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South Tyrol to increase use of free software

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The government of the South Tyrol province in Italy will increasingly turn to ICT solutions based on free and open source, Governer Arno Kompatscher announced on Tuesday. The province will use this type of software "where possible", and expects the move to save about a million euro per year.

The main motive for turning to free and open source is to allow all citizens access to public administration information, without forcing them to use expensive proprietary software.

In June of last year, the province decided to use Libreoffice, an open source suite of office productivity tools, on its 7000 desktop PCs, replacing a ubiquitous proprietary alternative. This switch, which will take 3 years, is expected to help save 600,000 euro that otherwise would have been spent on proprietary software licences.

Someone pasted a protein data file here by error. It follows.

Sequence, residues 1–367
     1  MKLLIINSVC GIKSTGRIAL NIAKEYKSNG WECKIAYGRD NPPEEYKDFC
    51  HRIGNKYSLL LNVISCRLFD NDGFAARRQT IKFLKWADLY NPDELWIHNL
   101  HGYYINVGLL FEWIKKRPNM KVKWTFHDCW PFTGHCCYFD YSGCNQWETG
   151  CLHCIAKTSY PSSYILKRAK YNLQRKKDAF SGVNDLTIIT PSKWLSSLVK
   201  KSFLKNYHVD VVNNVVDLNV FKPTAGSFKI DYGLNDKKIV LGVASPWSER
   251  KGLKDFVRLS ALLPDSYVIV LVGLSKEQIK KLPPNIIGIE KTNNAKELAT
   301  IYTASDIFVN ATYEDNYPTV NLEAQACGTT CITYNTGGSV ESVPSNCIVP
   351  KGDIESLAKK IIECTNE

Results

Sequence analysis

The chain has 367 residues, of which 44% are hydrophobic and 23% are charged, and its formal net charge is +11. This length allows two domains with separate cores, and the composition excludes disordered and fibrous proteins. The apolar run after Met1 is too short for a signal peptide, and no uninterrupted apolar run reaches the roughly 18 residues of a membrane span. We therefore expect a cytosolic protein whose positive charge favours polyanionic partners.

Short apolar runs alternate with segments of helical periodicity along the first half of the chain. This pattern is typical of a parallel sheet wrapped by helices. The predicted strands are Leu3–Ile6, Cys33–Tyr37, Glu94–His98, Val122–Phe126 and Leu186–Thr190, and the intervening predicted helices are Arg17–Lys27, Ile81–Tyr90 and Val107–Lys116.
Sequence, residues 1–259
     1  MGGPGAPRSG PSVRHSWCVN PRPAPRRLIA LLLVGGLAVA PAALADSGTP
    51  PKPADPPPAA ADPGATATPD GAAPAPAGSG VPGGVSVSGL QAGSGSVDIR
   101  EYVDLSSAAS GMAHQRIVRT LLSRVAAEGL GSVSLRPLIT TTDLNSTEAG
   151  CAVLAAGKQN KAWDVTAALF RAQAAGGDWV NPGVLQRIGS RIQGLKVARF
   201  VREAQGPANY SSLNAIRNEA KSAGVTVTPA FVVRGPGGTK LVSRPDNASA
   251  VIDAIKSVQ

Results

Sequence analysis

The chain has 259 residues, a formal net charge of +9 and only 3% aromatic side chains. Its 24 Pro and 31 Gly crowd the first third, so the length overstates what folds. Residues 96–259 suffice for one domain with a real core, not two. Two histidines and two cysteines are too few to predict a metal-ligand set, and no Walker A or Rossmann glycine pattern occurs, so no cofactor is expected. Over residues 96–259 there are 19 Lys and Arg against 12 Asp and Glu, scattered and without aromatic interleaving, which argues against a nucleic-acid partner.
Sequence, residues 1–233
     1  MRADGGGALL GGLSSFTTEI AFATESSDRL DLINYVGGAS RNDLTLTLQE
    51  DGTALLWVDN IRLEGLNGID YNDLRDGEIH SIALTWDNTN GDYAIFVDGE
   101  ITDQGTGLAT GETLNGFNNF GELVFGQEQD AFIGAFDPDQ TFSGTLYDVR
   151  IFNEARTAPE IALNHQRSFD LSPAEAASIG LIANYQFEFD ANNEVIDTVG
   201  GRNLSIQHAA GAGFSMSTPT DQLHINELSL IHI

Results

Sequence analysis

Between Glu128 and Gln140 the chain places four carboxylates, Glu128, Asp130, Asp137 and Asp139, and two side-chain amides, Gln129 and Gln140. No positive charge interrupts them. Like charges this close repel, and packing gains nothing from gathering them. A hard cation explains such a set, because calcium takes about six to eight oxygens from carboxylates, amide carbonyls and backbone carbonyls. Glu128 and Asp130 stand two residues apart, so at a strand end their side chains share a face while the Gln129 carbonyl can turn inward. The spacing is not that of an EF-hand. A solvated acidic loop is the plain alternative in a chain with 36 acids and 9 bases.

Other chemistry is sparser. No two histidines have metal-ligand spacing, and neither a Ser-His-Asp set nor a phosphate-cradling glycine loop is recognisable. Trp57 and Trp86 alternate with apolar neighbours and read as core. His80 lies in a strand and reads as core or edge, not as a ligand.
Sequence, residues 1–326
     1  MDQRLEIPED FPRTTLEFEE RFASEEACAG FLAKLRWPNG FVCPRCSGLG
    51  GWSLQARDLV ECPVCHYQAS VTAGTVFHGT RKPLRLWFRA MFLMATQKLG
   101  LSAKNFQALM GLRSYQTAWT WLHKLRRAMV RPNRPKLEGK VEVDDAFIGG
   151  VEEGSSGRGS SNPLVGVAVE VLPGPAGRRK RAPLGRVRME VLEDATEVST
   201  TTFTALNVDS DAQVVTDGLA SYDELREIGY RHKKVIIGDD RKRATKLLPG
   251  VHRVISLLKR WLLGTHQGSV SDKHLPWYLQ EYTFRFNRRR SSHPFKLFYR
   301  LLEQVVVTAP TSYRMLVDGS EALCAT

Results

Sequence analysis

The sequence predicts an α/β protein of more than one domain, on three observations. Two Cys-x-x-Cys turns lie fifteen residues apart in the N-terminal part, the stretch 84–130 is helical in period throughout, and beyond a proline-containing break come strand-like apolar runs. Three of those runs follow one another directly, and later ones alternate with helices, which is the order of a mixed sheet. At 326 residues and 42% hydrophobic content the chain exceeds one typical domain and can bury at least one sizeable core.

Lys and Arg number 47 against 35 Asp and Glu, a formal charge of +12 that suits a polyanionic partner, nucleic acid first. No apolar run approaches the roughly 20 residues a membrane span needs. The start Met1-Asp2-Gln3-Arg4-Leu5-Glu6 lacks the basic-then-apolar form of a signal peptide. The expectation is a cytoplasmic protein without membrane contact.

The provincial administration is forced to continue to use a few copies of the proprietary office suite, as some of the other applications are locked into this software, South Tyrol explained in a statement published on Tuesday.

Religious war

"Whether to use proprietary or free software has almost become a religious war, waged not only in public administrations, but also in the private sector", governor Kompatscher said in the statement.

The German city of Munich is a leading example for the province. As in Munich, South Tyrol expects to continue to use some proprietary applications. "It is not a matter of all or nothing, the ultimate goal is to citizen-friendly."

Last year, announcing the move to LibreOffice, South Tyrol stressed the importance of communicating clearly the goals of the new IT approach. Civil servants for example, need to understand the reasons for the switch. They should also have enough assistance during the transition, so they can continue to handle all documents. These proprietary exit costs will initially increase costs, Kurt Pöhl, IT director for South Tyrol, explained in a statement published in June. "The savings will become noticeable only after three or four years."

 

More information:

South Tyrol government March 2014 announcement (in German)
South Tyrol government June 2013 announcement of desktop upgrades (in German)

 

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